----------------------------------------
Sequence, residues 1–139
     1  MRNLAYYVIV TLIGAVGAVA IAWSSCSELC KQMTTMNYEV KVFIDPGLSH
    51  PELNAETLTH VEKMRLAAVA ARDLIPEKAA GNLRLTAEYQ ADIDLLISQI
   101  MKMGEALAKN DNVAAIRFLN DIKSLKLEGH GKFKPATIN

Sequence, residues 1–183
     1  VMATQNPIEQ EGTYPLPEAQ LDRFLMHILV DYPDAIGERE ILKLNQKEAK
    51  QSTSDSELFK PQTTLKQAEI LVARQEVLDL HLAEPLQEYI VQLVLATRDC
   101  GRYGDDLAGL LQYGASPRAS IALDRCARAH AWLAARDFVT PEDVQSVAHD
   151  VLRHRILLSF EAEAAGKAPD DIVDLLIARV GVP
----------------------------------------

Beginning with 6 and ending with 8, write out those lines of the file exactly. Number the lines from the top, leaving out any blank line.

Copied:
     1  VMATQNPIEQ EGTYPLPEAQ LDRFLMHILV DYPDAIGERE ILKLNQKEAK
    51  QSTSDSELFK PQTTLKQAEI LVARQEVLDL HLAEPLQEYI VQLVLATRDC
   101  GRYGDDLAGL LQYGASPRAS IALDRCARAH AWLAARDFVT PEDVQSVAHD